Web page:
Can you imagine preparing a presentation in one language and then, on a moments notice being asked to present in another language? Yesterday I attended a workshop of Agile experts (an approach to building products and software) explaining the best uses and applications for Agile and XP which was hosted at Sirris.be. The meeting started off in Dutch, and five minutes into the meeting, an audience member requested they switch to English (no, it wasn’t me!). The panel then switched to English, offering 8 presentations in rapid fire succession (similar to the “sprint concept” in Agile) with each presenter offering an aspect of working in Agile in 5 minutes or less. It was a fascinating “deep dive” into an area I haven’t spent a lot of time in, and the experience and enthusiasm of the panel was obvious. After the presentation, the audience was divided into smaller break out groups to discuss challenges with executing and adapting Agile to the workplace, proving some issues are universal. Most of the areas involved the challenge of managing product development in a situation with diffused authority, something not uncommon in any change project. From the discussions led by the presenters it was obvious that the flexibility they had demonstrated flipping languages was also repeated in their project management. An amazing workshop, with lots of great insight and strategies.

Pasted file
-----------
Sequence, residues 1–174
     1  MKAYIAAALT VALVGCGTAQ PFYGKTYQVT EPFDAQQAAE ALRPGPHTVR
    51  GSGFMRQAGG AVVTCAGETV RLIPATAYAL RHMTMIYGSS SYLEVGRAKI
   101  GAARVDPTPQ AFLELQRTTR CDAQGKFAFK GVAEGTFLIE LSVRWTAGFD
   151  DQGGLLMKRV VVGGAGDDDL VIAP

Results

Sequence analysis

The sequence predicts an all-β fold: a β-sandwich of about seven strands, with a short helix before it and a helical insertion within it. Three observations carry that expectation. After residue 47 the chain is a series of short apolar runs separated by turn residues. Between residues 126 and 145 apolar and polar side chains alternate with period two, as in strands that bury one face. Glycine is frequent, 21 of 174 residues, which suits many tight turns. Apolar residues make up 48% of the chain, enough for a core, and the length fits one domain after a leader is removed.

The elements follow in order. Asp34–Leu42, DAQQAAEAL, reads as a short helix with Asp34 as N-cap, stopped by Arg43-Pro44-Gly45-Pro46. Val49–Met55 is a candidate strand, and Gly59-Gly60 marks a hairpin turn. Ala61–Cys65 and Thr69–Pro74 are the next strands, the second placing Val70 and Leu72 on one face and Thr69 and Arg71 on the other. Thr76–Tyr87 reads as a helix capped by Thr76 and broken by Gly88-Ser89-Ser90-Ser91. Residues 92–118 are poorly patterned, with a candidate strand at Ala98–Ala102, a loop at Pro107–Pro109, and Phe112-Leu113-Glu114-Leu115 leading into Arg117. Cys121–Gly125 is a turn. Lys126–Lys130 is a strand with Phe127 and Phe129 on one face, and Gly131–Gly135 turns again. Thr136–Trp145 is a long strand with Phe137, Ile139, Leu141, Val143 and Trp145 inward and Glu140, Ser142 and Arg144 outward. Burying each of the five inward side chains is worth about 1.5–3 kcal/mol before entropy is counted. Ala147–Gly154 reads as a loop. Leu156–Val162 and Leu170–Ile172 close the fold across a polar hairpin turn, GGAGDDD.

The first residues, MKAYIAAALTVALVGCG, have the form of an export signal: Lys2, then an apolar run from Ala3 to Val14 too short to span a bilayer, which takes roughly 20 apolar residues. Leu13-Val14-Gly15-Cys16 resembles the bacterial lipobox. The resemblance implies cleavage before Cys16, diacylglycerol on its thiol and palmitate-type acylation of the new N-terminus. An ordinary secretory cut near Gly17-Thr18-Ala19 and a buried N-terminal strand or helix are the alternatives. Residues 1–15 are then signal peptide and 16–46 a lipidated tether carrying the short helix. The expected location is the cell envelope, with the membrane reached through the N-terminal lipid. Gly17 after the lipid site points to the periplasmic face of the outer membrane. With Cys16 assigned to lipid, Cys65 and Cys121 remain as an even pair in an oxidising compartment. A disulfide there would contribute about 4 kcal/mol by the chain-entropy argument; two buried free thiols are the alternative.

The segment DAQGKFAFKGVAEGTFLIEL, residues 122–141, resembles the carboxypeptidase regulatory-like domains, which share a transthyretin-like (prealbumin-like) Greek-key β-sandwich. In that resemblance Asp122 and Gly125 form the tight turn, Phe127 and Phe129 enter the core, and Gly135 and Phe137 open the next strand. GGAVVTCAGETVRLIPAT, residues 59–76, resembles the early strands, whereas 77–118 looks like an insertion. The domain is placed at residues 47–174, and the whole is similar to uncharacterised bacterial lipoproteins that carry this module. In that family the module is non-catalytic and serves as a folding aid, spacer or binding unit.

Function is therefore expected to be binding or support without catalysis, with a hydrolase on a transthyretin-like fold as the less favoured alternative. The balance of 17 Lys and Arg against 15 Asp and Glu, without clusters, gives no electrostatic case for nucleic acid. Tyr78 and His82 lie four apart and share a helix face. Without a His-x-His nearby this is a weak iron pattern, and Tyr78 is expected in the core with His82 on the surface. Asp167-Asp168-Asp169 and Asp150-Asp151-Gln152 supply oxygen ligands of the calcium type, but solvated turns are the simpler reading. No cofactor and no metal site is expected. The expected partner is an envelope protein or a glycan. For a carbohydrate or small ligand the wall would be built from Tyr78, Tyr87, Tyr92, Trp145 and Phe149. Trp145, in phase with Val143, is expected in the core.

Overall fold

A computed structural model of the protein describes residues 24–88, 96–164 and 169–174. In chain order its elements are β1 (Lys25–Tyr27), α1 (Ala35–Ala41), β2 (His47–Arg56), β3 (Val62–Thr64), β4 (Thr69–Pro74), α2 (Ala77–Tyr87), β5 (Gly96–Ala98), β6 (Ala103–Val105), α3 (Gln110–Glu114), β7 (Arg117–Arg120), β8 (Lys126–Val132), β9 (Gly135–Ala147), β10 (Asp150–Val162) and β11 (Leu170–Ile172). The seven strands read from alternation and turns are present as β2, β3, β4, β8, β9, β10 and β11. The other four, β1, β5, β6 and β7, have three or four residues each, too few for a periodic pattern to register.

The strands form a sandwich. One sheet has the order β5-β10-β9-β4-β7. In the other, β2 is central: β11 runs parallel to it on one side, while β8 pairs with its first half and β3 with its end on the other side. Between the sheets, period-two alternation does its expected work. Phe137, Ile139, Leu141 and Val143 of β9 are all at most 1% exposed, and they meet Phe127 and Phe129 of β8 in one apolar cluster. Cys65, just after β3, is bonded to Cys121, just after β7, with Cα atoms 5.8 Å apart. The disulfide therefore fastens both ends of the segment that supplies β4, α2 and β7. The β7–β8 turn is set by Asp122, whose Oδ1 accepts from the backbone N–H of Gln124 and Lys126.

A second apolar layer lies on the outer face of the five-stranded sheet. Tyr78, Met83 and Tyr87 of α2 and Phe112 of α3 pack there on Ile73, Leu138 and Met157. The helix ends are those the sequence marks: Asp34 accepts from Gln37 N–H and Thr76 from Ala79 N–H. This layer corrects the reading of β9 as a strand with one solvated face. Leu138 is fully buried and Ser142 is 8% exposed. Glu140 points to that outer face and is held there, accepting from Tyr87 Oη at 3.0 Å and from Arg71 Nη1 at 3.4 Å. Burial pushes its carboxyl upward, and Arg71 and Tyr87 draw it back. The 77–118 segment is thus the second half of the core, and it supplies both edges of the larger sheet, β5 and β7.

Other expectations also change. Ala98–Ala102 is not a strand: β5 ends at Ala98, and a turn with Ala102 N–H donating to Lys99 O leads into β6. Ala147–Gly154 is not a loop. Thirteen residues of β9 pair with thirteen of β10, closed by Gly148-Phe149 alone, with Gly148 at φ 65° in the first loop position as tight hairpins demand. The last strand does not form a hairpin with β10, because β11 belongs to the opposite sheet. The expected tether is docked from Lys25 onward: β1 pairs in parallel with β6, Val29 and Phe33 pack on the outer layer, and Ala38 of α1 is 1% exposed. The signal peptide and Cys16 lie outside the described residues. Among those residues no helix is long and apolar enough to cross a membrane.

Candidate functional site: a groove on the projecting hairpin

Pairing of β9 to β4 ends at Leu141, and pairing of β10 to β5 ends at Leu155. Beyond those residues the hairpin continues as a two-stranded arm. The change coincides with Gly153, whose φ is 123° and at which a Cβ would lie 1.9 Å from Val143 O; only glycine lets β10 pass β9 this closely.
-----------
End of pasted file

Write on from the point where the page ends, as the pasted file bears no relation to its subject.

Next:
The second event was a pitch program at Beta Group Brussels where several entrepreneurs had 5 minute to pitch their products in a way to test their marketability, similar to giving an “elevator speech” for venture capitalists. Over 300 people watched and voted on different applications, it was exciting to watch people passionately pitch their ideas. One interesting note was that sometimes the best, most marketable idea was often buried or missed in the “pitcher’s” enthusiasm for their original concept. One team, creating an online shopping site glossed over their best attribute, creating a routine, simplified, glossy marketing approach for small business owners who were NOT technically savvy, basically letting the business owners subcontract that work inexpensively to a group that would ensure that the their marketing would meet all current technical standards, and marketing for them on a consistent basis across multiple platforms (a huge issue for a frazzled small business owner). It was a great reminder that sometimes we’re so close to our creations that we miss the forest for the trees.

On a side note, much like the US there were very few females in either group, and often the females offered more “service concept” type products rather than application development or strict product development. The females had good insight into the how and why a product would or wouldn’t work, clearly we need to get more women in STEM professions!